On Progress

Embarking on a TaiChi or Yoga journey often seems like stepping onto a linear path, but in my own experience this has proven to not be the case.

Something about the Western Mind, in particular, insists on this sense of linear progression.

Always forward, upward, onward…

Lately, it has occurred to me that the more Time I spend on the Journey, the less linear it becomes. To speak in linear terms, there is a lot of backward, downward, sideways, and cyclical.

We tend to like Asana practice and Forms practice because they give us the tangible and concrete sense of improvement, achievement, and progress that makes sense to the Mind.

Although growth in these aspects has plenty of value, it is simply incomplete, if we are truly engaging with Yoga or TaiChi. We might accomplish a great amount, but it isn’t whole.

If our Practice were about Color, progressing in Asana or Forms would be like trying to get really good at Red; we could be the Reddest Red around, but we have been offered an entire rainbow!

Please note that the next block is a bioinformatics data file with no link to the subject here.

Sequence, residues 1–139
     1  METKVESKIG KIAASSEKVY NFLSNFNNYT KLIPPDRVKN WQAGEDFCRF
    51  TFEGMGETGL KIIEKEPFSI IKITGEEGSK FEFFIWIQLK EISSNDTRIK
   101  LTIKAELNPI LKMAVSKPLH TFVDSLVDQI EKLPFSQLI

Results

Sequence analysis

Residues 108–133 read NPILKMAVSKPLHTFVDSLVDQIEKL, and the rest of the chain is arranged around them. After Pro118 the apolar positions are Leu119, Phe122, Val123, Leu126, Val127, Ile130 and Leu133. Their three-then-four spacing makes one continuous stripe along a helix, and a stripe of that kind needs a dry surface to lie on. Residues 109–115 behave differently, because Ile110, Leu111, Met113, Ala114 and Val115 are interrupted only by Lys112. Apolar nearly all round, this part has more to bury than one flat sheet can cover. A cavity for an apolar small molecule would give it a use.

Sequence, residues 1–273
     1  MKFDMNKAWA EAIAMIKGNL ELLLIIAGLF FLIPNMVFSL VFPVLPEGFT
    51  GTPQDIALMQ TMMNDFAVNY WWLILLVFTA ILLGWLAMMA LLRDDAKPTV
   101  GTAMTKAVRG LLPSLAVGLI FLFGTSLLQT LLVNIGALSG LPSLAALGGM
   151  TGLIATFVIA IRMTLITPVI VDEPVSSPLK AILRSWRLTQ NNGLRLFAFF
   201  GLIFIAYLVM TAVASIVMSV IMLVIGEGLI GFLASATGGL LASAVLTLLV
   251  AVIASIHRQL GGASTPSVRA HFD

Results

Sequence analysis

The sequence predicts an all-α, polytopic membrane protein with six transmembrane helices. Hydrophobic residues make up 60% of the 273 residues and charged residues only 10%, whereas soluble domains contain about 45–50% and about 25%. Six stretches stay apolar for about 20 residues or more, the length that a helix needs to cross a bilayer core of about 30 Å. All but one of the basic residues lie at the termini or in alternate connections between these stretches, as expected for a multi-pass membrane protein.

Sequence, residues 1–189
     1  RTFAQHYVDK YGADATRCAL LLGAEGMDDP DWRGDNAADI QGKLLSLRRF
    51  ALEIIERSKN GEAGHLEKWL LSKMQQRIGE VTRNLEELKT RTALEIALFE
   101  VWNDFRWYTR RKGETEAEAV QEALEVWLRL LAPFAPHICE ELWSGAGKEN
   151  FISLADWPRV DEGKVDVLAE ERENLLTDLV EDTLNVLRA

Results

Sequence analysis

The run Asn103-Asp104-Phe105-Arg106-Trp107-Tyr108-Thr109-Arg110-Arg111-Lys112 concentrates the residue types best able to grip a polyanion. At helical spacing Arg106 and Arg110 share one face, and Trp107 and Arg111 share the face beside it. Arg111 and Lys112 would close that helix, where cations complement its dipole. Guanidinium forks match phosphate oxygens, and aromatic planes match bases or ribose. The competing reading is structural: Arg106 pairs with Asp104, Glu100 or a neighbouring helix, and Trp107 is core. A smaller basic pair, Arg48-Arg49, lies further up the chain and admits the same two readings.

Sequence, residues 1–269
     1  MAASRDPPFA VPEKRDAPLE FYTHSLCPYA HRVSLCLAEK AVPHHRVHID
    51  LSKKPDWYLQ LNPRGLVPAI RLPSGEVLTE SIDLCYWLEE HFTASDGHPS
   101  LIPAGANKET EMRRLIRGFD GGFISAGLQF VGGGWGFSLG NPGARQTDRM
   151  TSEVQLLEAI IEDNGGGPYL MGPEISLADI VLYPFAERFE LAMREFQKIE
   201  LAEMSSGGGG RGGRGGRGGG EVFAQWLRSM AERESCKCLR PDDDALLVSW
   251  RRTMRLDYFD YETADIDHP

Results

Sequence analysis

This is not to suggest that practicing only the physical aspects of Yoga or TaiChi is bad. Progress in these areas is absolutely valid and measurable, which is precisely why it is in fact good. To leave Asana or Forms training out of the picture would be equally problematic.

But it’s easy to get lost in that linear-mindset. Our Type-A neuroses, our pathological Desire can easily creep in and undermine the Internal work which occurs often just outside of our field of awareness.

It has been my impression lately that the expansion of that awareness is a more useful measure of progress. The longer we keep at it, and the deeper our Practice becomes, the more we realize how much mountain there actually is to climb and how deep the Rabbit-Hole really goes.

Our perspective begins to take in more and more of the picture, and we zoom out rather than zoom in. It’s not about climbing the mountain at all. Just look at it!

Linear progress suggests that we get to leave behind, or graduate from what we’ve learned. Progress in Practice is expansive. We don’t leave anything behind. We assimilate the old and the new simultaneously, perpetually, and wholly, and they always inform each other.

We come to know the “basics” in an intimate manner as we are able to apply them across a broader and ever-broadening spectrum. Progress spreads outward, and we can grow in our Practice because we are always still embracing step-one.

Find the Center, keep the Center. The TrueSelf resides there!

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